The script does err in failing to reveal that Don Shirley was far more accomplished and familiar with jazz than revealed in the script—he was a friend of Duke Ellington, for instance, debuting in 1955 the latter’s “New World a-Comin’” at Carnegie Hall. He also was a composer whose classical works had been recorded and played by major symphonic orchestras in this country and London. He was such a talented painter that one of his works was used as the album cover for his album Don Shirley: An Improvisation Based on the Story Orpheus in the Underworld, which you can see at https://www.youtube.com/watch?v=N2yCYAki3Yo. Knowing this makes his treatment by southern hosts seem all the more reprehensible. It also calls for someone to make a full biography of this amazing, but largely overlooked. (Check him out in Wikipedia to see why I write this.)
The film’s coming out near the beginning of the Christmas season makes it all the more timely, given its Holiday ending, one that called to my mind the heart-warming conclusion of the 2005 film Lassie, in which the dog, long separated from his beloved master, returns home after a 500-mile journey, boy and dog united when during the village church’s Christmas Eve service. This is a good film for any season when “the dividing wall” of hostility is still very much with us. The Christmas cheer conclusion make this an excellent choice to see and discuss as a group.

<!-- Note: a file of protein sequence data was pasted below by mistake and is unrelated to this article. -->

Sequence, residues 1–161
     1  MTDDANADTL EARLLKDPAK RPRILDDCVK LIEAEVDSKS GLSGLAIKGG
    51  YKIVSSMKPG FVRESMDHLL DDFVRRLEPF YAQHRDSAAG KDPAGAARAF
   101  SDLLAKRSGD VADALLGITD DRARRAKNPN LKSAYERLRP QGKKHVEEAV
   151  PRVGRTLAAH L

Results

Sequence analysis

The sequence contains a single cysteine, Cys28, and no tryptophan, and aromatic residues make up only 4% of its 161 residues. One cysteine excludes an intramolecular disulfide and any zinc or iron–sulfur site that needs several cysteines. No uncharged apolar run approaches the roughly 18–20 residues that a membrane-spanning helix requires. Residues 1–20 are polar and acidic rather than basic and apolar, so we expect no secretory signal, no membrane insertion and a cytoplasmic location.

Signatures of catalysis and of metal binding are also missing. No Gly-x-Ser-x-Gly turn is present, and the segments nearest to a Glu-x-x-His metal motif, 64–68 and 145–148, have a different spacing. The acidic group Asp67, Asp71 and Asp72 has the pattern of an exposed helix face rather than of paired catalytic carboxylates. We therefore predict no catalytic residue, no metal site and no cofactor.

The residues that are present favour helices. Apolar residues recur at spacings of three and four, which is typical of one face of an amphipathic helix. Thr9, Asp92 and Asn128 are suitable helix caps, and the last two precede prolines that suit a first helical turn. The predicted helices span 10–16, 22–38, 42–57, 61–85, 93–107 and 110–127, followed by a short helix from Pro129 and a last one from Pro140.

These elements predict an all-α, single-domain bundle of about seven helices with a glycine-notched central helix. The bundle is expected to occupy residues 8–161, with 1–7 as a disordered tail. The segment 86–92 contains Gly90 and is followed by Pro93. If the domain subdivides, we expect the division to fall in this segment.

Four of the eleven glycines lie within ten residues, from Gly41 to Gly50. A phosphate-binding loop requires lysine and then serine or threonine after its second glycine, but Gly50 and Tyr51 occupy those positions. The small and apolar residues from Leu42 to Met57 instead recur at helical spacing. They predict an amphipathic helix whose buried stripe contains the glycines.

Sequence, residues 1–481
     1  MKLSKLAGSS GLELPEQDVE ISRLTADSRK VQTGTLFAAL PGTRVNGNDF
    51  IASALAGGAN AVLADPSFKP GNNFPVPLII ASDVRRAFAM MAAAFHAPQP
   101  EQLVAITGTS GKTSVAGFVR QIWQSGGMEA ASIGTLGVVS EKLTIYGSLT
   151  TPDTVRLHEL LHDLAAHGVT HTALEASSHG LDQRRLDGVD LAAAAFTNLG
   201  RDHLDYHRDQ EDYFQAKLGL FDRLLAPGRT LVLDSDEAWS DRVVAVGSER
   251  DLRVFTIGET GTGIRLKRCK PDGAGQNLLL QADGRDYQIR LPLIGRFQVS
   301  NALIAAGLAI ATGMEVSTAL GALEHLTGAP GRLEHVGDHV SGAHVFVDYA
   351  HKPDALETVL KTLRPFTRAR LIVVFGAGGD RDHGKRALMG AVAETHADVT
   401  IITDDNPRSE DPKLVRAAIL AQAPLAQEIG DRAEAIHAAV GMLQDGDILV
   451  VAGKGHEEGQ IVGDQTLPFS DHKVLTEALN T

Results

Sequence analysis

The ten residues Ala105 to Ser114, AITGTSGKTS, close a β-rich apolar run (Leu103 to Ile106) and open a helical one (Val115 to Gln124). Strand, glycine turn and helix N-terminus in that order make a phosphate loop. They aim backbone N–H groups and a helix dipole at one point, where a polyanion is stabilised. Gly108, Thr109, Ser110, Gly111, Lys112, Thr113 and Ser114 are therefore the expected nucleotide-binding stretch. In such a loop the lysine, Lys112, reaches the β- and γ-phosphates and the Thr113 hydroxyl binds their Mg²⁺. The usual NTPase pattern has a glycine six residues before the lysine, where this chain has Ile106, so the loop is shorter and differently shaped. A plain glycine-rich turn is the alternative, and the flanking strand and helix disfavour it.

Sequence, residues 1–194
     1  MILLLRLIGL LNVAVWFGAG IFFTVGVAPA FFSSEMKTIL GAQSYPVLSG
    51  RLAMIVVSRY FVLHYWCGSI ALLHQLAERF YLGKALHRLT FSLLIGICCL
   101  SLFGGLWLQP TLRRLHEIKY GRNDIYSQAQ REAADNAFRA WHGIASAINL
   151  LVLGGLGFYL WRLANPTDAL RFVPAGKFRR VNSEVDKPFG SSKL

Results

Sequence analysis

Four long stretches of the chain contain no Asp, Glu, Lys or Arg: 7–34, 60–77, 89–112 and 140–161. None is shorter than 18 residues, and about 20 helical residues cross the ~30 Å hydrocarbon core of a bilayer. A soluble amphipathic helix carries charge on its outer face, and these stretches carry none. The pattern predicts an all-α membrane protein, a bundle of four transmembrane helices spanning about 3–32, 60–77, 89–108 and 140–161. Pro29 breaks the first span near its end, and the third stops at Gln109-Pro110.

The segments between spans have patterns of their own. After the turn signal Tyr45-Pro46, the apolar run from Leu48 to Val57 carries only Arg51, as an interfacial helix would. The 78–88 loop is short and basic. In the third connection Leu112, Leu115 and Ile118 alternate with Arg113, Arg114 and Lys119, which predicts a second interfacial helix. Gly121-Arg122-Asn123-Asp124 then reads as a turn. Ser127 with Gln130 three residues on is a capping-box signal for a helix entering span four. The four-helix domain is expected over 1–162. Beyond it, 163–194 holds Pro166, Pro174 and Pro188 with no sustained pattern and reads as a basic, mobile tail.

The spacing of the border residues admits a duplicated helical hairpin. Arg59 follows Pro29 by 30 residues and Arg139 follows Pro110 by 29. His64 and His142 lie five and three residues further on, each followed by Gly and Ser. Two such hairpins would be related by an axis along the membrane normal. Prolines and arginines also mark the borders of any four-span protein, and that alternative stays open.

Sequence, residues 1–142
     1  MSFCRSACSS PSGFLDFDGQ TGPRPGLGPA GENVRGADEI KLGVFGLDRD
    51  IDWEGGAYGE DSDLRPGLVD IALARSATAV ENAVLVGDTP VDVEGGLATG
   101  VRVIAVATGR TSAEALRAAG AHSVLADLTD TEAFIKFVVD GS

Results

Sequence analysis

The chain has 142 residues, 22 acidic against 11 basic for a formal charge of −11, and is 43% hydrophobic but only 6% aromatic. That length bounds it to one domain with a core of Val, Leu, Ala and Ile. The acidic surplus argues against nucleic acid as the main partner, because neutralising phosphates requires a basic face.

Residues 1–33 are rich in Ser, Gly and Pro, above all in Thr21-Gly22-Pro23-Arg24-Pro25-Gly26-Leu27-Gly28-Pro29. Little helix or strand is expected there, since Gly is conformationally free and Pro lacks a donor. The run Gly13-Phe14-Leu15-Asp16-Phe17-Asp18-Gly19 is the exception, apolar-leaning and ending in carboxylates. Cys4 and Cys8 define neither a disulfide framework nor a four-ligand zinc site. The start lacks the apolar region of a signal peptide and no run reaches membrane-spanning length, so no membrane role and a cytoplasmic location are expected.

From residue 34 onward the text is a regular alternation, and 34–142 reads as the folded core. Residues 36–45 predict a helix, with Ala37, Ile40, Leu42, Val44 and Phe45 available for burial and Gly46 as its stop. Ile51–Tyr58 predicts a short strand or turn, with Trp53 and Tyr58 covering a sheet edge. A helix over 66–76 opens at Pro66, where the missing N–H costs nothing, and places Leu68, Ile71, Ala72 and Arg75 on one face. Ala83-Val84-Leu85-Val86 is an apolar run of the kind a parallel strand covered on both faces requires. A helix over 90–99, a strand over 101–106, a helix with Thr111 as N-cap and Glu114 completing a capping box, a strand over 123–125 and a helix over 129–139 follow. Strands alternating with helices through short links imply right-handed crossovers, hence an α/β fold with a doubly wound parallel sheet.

Note: On YouTube you can hear Don Shirley playing a great many songs. Even as I write this I am listening to his exquisite rendition of “Bridge Over Troubled Waters” at https://www.youtube.com/watch?v=pDEyBw_N2bA. Many other videos await me at the right side of the screen.
This review will be in the December issue of VP along with a set of questions for reflection and/or discussion. If you have found reviews on this site helpful, please consider purchasing a subscription or individual issue in The Store.